Mobile application that helps young adults track expiration dates of food items to help decrease the amounts of food wasted.

Project Timeline

3 Months

October 2019 – December 2019

Western Washington University


Amelia Espiritu-Santo

Melody Grappo

Ashlyn Hartnett

My Roles

User Researcher

User Interface Designer

Front-End Developer

Tools Used

React Native



Skills Used

Project Ideation

Stakeholder & Competitor Research


Front-End Development

Mobile Application Development

Background Information

Food waste is a prominent at-large issue for our society. In a research study conducted by the United States Environmental Protection Agency in 2017, there was 40.7 million tons of food waste produced just during that year in the United States, which 30.6 of that million ending up in landfills. This food waste in landfills then generates methane, a major greenhouse gas, which ends up trapping heat within the atmosphere. All this food wasted also puts an economic strain on nations due to the amount of labor and resources that goes into cultivating, producing, and transporting food items.
As there is no standardized method of listing expiration dates on food items, people tend to be unsure of when food goes bad. With some food items including the sell-by date on packaging or not having an indication at all, confusion increases which causes people to judge and trash food items too quickly.   The goal of the Smartfridge application is to combat food waste by keeping track of items in one’s fridge or pantry.


How do you educate individuals about good food consumption habits while reducing the total amount of food that ends up in landfills? 


Constrained by a short amount of time to conduct research, our team decided to direct our target audience towards college students and young adults who live in a self-supporting environment. With the project also geared towards developing software, our team chose to combat food waste with a mobile application.

Interviewing Potential Users

Interviewing students between their classes on campus, my teammates and I asked questions regarding student’s living situations, shopping habits, budget, fridge content, and cooking habits. With many different factors possibly contributing to food waste, our team wanted to figure out what students prioritized when it came to food-related decisions.

Competitor Analysis

Furthering our understanding, our team downloaded and tested several mobile apps that we felt to be relevant to fighting food waste. With most of the functionality of these apps focused on cooking and shopping, there were not many opportunities present in those applications to combat food waste in particular.

Research Analysis

College students want to become more conscious about their environmental impact.
This finding is more on the subjective side as all of our interviewees were studying at Western Washington University. The campus has a strong presence of composting and zero-waste, which showed as many interviewees were familiar with “being green” and taken individual steps to mitigate their food-waste.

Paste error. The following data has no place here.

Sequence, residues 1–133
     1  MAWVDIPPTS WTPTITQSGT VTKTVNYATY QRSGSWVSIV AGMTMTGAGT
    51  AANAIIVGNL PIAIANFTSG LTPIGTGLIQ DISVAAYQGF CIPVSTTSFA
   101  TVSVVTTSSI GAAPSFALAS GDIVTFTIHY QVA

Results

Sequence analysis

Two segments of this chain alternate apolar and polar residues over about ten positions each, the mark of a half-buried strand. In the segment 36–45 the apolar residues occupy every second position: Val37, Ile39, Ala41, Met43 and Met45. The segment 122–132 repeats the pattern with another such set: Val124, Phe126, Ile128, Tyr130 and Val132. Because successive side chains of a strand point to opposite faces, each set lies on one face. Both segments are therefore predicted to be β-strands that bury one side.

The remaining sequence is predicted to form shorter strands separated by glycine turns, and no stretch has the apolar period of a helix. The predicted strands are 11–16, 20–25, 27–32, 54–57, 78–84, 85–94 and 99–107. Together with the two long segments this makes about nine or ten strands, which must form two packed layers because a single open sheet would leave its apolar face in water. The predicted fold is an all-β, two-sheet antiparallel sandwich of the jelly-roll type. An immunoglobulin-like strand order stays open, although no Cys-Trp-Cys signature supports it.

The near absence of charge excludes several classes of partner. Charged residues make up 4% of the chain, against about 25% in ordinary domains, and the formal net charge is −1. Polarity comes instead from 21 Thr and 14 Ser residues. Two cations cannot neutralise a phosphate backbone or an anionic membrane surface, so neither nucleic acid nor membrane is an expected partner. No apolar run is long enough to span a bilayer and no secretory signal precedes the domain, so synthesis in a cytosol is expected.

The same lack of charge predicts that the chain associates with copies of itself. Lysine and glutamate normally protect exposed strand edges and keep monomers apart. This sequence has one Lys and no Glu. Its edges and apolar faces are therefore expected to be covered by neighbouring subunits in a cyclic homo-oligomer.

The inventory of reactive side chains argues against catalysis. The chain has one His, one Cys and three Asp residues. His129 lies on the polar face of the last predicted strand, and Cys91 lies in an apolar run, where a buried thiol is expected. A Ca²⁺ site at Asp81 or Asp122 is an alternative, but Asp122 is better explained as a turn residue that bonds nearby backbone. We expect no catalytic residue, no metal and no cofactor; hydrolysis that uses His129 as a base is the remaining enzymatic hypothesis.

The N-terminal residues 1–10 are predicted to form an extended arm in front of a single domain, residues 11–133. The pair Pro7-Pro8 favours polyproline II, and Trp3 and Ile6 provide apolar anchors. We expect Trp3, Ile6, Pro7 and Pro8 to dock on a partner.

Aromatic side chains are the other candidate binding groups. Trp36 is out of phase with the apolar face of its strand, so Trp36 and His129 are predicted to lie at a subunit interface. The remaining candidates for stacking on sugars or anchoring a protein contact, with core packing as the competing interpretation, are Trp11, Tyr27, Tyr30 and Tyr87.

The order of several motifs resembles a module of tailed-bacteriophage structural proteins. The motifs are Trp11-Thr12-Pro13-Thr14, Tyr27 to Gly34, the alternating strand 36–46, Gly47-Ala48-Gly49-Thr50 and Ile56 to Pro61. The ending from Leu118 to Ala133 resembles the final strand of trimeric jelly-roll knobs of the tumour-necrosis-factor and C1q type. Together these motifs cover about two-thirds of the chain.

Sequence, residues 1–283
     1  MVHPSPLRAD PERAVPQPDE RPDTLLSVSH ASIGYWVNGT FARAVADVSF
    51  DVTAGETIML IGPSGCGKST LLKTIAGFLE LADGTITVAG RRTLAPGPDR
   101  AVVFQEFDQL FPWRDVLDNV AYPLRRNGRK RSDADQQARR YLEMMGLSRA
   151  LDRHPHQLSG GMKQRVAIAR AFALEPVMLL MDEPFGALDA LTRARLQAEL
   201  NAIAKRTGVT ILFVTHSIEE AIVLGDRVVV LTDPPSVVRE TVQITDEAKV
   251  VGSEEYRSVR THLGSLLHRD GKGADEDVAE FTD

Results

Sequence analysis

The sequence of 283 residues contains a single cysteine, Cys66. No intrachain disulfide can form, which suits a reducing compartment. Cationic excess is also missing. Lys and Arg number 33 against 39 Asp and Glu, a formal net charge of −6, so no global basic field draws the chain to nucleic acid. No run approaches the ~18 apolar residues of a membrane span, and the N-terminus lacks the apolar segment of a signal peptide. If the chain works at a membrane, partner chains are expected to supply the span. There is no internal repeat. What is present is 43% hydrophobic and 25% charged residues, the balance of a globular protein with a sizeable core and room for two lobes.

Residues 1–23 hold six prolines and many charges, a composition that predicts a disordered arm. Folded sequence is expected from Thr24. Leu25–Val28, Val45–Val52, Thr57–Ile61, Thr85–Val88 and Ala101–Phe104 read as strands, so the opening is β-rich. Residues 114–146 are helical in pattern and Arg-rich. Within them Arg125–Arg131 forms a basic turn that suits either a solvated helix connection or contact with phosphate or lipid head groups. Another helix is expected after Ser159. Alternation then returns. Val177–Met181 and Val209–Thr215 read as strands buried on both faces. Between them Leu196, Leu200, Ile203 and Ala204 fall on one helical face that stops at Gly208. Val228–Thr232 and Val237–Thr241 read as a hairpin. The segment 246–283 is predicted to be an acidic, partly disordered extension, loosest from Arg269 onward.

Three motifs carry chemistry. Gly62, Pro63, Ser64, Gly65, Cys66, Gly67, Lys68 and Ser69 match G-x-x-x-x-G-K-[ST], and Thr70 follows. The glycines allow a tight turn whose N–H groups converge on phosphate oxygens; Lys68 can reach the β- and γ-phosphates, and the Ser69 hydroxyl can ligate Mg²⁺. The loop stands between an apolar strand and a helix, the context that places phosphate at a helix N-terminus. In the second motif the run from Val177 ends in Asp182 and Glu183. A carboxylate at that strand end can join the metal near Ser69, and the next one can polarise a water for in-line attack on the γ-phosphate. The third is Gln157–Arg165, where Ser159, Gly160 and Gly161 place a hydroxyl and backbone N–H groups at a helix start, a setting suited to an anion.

It is not easy remembering what food is in the fridge, let alone if something is expired.
Most students could list around 10 items in their fridges. Expiration dates, however, were much more trivial to remember.

Design & Development

Ideation and Prototyping

Identifying the opportunities available from our research, we designed and focused our ideas around a fridge map, a fridge list, and a recipe recommender. From there we paper prototyped the three ideas to envision how users would interact with these ideas in a mobile application environment.

Critique and Prototype Revision

A critical piece of feedback that our team received on the paper prototype was that all the ideas, even though had good intensions, seemed to overwhelm when placed under one app to accomplish tasks. With that in mind we refined our prototype so it would feature just the fridge list idea.
Through the revised prototype we also added color signifiers of red, yellow, and green along with a progress bar to visually display the health status of both the food items and fridge itself.

User Flow

The main goal for the user flow based on our feedback was that it should be as a simple as possible. From that we made sure that the options users could go would not be  overwhelming. 

Mobile Development

Developing the application, we used a React Native front-end framework for its cross-platform compatibility with iOS and Android systems. With this framework we then decided to attempt connecting it with a SQLite database so the application data could be stored locally within the device.
As a group we wanted to make sure that the ideas from our design phase reflected in our code appropriately, but having a short development time on top of a sharp learning curve to figure out React Native and the mobile application development process made the alignment of the two challenging. Due to those limitations we established a static React Native application to show the application’s potential if we had more time to fully develop it.

Reflection - So What Did I Learn?

Design is essential to understanding how to develop needed technology.
Although the project itself was condensed in its timeline, I felt that I learned a lot about research and design essentials to create productive technology. Being heavily involved in the research, ideation, and prototyping provided a more personable connection with food waste, which gave me an easier understanding how technology could assist. Getting introduced to the design process for technology showed me the opportunities available when thinking creatively and resourcefully to solve real world issues.